Things Not to Do When Using Watercolor Paper

Things Not to Do When Using Watercolor Paper

If you’re been following this blog for any length of time, you know I frequently post tutorials. The subjects differ, but the focus of all those tutorials is showing you how to do something. This week, I want to share some things not to do when using watercolor paper!

Things Not to Do When Using Watercolor Paper

This may seem like an odd topic for a how-to blog, but I can’t tell you how many things I’ve tried that were disasters. Nor can I tell you how many times I’ve wished someone would have warned me before I tried those things.

So I decided to share some experiences with the hope of saving you a few ruined pieces of paper or nearly finished drawings. Are you ready?

Things Not to Do When Using Watercolor Paper

Don’t Forget to Tape Your Paper!

Unless you’re working very small or using a rigid support, you MUST tape watercolor paper to a back board of some kind. If you don’t, the paper will buckle if you use too much water.

Things Not to Do When Using Watercolor Paper - Don't Forget the Masking Tape

If you happen to be using a paper like Stonehenge or Canson Mi-Teintes (both of which can handle modest amounts of water or solvent,) you have to tape them to a back board. That’s the only way they’ll dry flat.

(I have tried working on small pieces of Stonehenge without taping it first. It does dry. It does NOT dry flat.)

Don’t use a misting bottle to blend color

I’m all for saving time whenever possible. Once while working on a small watercolor pencil piece, I tried wetting a piece of paper with a misting bottle. I wanted to drop color onto a wet surface and what could possibly be easier or faster than spritzing the paper a couple of times?

Big mistake!

Even at the finest setting, way too much water ended up on the paper.

So much that it pooled on the paper, and ran off the edges. I let the paper dry on a piece of paper towel, but it didn’t dry completely flat.

The place where the water (and color) pooled also left marks I was not able to cover over despite adding several more layers of wet and dry color on top of it. Fortunately, those marks lent themselves to the drawing I ended up doing, but I do not recommend a misting bottle.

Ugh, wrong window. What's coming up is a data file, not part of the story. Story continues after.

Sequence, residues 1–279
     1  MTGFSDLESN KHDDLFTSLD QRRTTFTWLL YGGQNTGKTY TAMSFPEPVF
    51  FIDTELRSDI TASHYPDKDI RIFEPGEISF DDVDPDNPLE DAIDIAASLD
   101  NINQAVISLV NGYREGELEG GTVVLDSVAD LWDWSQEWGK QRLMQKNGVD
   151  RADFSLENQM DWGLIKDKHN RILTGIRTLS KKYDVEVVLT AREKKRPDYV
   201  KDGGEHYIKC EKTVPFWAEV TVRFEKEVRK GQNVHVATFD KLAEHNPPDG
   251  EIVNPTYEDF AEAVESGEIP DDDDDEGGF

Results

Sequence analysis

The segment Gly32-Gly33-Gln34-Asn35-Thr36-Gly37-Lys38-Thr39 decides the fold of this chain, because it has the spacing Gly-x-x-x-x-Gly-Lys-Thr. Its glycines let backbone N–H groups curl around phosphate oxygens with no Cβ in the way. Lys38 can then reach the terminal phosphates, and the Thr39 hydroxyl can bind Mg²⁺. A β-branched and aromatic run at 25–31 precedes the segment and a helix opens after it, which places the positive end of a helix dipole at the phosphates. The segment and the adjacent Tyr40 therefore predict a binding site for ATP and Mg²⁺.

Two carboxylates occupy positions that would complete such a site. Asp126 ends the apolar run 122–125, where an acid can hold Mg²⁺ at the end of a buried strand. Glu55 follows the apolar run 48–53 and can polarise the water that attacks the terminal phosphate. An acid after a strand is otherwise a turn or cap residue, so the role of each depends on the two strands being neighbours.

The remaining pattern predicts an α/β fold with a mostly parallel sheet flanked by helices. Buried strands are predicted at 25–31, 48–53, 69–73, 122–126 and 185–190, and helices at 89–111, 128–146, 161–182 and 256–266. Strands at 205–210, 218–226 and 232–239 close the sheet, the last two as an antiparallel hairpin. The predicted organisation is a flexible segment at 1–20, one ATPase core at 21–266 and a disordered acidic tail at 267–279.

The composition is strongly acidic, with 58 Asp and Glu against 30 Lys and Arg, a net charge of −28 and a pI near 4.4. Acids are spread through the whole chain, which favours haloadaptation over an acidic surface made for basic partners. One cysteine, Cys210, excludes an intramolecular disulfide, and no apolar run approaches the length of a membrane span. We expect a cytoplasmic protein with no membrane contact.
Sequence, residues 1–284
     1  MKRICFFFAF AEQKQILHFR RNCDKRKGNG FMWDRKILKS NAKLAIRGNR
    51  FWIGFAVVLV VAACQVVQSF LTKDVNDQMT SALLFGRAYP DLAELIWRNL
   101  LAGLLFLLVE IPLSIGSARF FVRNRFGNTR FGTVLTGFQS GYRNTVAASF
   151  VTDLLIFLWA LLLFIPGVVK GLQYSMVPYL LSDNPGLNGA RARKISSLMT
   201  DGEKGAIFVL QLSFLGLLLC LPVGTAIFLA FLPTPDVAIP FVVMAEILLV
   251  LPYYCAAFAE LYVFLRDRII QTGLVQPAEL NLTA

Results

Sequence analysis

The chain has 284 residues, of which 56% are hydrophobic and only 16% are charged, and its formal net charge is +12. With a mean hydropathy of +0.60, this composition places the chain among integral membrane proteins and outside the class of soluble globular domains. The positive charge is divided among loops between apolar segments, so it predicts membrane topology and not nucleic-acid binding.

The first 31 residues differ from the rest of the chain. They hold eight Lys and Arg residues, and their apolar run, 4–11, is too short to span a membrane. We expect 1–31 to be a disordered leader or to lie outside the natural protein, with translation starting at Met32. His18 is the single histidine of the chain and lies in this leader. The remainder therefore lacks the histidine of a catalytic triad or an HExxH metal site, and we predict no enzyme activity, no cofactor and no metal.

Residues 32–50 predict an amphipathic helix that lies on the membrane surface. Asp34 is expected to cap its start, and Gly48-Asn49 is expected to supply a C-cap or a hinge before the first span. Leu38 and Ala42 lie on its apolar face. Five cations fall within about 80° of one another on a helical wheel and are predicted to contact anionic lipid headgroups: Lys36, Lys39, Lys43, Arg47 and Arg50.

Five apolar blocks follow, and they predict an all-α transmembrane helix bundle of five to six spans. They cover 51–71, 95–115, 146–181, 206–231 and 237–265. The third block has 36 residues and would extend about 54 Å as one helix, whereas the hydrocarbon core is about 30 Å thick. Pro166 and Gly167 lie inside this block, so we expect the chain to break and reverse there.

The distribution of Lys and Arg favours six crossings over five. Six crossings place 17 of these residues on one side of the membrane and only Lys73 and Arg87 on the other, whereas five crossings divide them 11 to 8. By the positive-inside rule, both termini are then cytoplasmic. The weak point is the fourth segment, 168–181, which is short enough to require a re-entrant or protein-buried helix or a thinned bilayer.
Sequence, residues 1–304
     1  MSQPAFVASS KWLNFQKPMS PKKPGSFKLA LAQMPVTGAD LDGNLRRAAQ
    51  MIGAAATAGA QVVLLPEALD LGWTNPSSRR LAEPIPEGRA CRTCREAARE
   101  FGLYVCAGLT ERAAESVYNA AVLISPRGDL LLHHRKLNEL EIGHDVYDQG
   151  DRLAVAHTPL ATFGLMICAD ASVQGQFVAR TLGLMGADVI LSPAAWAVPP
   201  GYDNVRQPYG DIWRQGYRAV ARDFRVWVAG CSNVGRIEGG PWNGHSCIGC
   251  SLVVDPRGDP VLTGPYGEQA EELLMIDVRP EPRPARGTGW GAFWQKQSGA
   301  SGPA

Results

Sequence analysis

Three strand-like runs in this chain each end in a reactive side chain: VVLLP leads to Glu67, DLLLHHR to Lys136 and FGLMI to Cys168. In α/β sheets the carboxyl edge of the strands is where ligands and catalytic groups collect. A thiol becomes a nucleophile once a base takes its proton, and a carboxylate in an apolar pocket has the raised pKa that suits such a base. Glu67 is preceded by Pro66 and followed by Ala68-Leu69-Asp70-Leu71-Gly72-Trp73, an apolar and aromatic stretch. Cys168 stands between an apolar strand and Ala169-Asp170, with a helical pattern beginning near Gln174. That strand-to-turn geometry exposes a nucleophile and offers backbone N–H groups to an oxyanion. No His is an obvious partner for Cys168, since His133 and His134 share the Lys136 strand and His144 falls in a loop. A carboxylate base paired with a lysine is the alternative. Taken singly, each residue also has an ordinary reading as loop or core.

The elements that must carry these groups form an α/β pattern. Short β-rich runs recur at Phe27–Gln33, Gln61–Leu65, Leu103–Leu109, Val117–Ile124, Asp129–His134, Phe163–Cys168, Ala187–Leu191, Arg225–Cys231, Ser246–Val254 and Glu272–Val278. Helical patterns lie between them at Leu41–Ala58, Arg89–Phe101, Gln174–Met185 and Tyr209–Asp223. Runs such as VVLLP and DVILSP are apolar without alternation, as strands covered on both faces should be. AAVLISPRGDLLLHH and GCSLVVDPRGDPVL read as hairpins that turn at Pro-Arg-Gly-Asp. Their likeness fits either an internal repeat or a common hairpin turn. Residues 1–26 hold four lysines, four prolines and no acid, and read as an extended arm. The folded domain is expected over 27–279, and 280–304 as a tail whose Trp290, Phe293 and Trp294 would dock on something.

Things Not to Do When Using Watercolor Paper - No Misting Bottles!

Don’t keep blending

As an oil painter, my philosophy was that if one stroke was good, two were better, and there was no harm in three.

The problem is that there can be harm in two or three strokes. It’s called over blending in oil painting.

With watercolor pencils, it’s called destructive.

Once the color is wet, it’s very easy to move around. The best thing you can do is stroke the paper once to blend the color, then leave it alone.

Things Not to Do When Using Watercolor Paper - One Stroke and Leave It

If you happen to be adding color with a brush, you have a little more room for multiple strokes. But in almost all cases, the fewer brush strokes, the better!

Don’t always use little brushes

The best way to minimize the number of strokes you need is to use the largest brush possible for each area.

Small brushes are great for blending small areas or adding details. But small brushes require a lot of strokes for larger areas. The more strokes, the more chances for unwanted edges where strokes overlap.

Things Not to Do When Using Watercolor Paper - Largest Brushes

Also use a soft brush. If you have a naturally light touch, you can probably get away with using a bristle brush, but only if that’s all you have.

And forget a sponge brush! That sounds like the logical choice, but it isn’t. Sponges soak up water. When you’re using water soluble colored pencils, that means a sponge brush will also soak up color. So unless you need to lighten a color, avoid the sponge brushes!

Don’t draw with a dry pencil on wet paper

This is the most important advice I can offer. Why? Because it applies not only to watercolor pencils on watercolor paper. It also applies to paper that’s still wet from a solvent blend.

Absolutely, positively do NOT use a dry pencil on wet paper! Paper is especially delicate when wet. Drawing on it with a dry pencil—especially a well-sharpened dry pencil—can put a hole in the paper.

At the very least, you risk scuffing the surface of the paper.

Yes, you may be able to get some neat affects with this method, but do you really want to risk ruining a drawing? I sure don’t.

Conclusion

Those are five things not to do when using watercolor paper with colored pencils. Those aren’t the only things you should avoid, so if you’ve tried something that ended up disastrously, leave a comment below!

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